"While being in touch with the spy agency, he earned a lot of money as wages as he tried to deliver some information from Iran's nuclear program to the American agency," the IRNA report said. Rahimpour "had been identified and prosecuted and sentenced to death and recently, the country's National Supreme Court confirmed the sentence and, God willing, he will be punished soon."
The CIA declined to comment.
Esmaili said two other alleged spies for the CIA each received 15-year prison sentences — 10 years for spying and five years for acting against national security.
Esmaili did not name those arrested, only saying they worked in the "charitable field," without elaborating.
Iran in the past has sentenced alleged American and Israeli spies to death. The last such spy executed was Shahram Amiri, who defected to the U.S. at the height of Western efforts to thwart Iran's nuclear program. When he returned in 2010, he was welcomed with flowers by government leaders and even went on the Iranian talk-show circuit. Then he mysteriously disappeared.
He was hanged in August 2016, the same week that Tehran executed a group of militants and a year after Iran agreed to a landmark accord to limit uranium enrichment in exchange for the lifting of economic sanctions.
Tensions remain high between Iran and the U.S. since President Donald Trump unilaterally withdrew America from Tehran's nuclear deal. A U.S. drone strike in January killed Iranian Revolutionary Guard Gen. Qassem Soleimani in Baghdad, prompting Tehran to retaliate with a ballistic missile strike on Iraqi bases housing American troops.
Before the deal, a computer virus believed to be designed by the U.S. and Israel destroyed Iranian centrifuges. Meanwhile, Iranian nuclear scientists were targeted in a series of assassinations.
Anti-government demonstrators on Sunday rejected Iraq's new prime minister-designate following his nomination by rival government factions, compounding the challenges he'll have to surmount in order to resolve months of civil unrest.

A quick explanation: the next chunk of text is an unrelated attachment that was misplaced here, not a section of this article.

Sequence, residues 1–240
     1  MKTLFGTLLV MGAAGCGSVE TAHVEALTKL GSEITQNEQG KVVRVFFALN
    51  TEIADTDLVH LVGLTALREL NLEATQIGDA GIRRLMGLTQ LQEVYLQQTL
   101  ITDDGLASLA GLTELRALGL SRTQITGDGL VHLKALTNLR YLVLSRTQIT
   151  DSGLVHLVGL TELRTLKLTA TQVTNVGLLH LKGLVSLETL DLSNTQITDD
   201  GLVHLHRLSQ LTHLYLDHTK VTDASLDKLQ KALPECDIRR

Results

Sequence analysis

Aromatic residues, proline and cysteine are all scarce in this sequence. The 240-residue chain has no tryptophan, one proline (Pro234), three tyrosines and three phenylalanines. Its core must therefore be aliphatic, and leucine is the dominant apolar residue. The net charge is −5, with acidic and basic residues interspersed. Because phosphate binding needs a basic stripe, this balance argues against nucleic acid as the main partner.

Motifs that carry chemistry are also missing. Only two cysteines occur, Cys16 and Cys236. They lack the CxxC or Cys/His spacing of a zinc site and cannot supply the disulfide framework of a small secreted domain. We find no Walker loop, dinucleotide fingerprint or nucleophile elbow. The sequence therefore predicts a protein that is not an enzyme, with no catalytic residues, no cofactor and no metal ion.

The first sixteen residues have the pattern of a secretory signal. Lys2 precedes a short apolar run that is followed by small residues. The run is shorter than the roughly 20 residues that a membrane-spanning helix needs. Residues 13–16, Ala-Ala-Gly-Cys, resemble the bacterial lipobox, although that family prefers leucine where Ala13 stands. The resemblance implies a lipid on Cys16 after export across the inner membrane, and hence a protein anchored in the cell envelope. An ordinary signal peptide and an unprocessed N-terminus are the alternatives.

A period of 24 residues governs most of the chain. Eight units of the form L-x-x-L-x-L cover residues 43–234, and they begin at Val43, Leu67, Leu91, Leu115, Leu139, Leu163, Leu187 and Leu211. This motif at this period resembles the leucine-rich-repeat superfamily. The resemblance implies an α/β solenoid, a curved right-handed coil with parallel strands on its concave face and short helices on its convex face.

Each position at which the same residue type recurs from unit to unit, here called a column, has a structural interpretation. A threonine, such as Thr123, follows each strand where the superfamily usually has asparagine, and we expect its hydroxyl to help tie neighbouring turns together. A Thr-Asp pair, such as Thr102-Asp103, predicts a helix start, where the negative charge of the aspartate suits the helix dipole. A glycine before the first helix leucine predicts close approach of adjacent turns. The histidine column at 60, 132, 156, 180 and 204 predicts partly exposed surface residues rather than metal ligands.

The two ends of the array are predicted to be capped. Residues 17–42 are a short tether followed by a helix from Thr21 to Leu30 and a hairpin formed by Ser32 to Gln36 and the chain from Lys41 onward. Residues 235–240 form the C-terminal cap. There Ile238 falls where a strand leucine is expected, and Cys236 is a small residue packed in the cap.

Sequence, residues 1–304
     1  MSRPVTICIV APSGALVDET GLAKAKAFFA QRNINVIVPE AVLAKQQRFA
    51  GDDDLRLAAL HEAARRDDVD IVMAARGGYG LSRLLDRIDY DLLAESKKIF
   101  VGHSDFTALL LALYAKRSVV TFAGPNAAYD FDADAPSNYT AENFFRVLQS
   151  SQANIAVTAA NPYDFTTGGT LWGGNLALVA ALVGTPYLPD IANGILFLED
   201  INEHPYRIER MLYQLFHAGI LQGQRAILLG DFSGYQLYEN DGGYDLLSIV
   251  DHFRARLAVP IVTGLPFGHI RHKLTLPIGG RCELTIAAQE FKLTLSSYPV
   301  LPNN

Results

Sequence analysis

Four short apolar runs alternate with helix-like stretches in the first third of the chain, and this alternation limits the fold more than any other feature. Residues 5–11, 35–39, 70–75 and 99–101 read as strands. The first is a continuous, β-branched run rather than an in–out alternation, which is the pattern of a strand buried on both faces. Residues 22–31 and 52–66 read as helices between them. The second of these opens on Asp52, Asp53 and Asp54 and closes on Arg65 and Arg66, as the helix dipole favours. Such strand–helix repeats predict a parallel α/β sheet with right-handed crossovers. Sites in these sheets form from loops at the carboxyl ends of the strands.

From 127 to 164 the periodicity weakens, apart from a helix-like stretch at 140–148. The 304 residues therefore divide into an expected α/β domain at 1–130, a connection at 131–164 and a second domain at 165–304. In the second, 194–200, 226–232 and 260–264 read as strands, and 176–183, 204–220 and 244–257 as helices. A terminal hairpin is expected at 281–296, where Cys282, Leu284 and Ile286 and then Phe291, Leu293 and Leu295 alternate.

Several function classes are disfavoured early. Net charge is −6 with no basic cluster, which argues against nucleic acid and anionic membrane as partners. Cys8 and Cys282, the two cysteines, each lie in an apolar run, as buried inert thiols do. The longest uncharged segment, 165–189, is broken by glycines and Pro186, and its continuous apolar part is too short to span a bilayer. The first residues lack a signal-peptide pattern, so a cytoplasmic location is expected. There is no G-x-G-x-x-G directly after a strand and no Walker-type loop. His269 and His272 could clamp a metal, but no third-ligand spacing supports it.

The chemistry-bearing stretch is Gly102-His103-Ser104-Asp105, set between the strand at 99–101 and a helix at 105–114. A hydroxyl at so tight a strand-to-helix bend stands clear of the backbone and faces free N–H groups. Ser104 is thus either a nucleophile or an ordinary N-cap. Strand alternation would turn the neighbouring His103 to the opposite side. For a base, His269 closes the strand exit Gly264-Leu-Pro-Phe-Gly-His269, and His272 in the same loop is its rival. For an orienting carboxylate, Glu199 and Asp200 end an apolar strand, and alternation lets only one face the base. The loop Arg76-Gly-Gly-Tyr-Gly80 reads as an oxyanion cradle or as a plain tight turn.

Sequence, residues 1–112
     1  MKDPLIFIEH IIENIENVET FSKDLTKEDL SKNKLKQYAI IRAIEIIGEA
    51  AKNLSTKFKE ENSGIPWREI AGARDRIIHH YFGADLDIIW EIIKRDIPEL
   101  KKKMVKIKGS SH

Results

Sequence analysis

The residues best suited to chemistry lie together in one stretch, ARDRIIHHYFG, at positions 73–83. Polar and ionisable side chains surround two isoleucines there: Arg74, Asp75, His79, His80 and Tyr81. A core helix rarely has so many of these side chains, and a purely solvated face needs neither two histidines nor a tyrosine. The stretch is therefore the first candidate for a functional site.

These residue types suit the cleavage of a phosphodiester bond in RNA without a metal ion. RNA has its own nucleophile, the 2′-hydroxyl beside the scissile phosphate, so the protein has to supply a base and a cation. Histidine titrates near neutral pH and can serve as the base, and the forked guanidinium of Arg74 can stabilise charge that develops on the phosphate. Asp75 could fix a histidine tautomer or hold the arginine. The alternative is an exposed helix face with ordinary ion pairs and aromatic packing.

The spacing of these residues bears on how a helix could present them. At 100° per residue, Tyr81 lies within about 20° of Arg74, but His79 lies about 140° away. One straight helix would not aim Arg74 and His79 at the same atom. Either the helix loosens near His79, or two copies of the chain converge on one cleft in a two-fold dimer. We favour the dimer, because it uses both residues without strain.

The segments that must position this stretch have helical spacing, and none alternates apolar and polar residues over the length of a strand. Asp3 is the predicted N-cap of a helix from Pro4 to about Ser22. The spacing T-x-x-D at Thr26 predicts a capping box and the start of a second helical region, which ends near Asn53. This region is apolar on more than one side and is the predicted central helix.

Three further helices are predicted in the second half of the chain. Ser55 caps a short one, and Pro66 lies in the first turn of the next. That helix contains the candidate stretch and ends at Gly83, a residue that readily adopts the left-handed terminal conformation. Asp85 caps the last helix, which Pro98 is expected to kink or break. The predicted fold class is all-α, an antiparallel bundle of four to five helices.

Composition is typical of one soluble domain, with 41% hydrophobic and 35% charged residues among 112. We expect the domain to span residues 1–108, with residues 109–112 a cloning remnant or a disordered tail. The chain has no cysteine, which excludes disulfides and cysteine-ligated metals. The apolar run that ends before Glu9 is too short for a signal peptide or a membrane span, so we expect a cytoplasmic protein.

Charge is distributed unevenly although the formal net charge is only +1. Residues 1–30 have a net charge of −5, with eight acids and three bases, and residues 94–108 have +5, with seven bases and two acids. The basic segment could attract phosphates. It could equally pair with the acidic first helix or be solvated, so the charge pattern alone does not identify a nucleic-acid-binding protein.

Meanwhile, new divisions emerged among protesters and supporters of a maverick and often inscrutable Shiite cleric, who initially threw his weight behind the uprising but now is re-positioning himself toward the political establishment, after elites selected a candidate for prime minister that he endorsed.
On Sunday, Muqtada al-Sadr told his followers camped out among protesters in the capital and in the country's south to unblock roads and restore normalcy, angering protesters who felt al-Sadr had betrayed them and the reformist aims of their movement for political gain.
Saturday's selection of former Communications Minister Mohammed Allawi, 66, to replace outgoing Prime Minister Adel Abdul-Mahdi was the product of months of back-room talks between rival parties, ending a political stalemate.
Hundreds of students voiced their rejection of Allawi at rallies in Baghdad's central plazas and in southern Iraq. Protesters hung portraits of Allawi marked with an "X" on bridges and tunnels around Tahrir Square, the epicenter of the four-month protest movement.
"We don't want Allawi because he is a party member chosen by the parties," said Hadi Safir, a protester in Tahrir. "We want an independent nominee."
Others were more diplomatic, saying they'll wait and see how Allawi delivers on promises to hold early elections.
Iraqi officials said it was likely Allawi would face the same political realities that bedeviled his predecessor, who was often caught between rival political blocs Sairoon, headed by al-Sadr, and Fatah, headed by Hadi al-Ameri.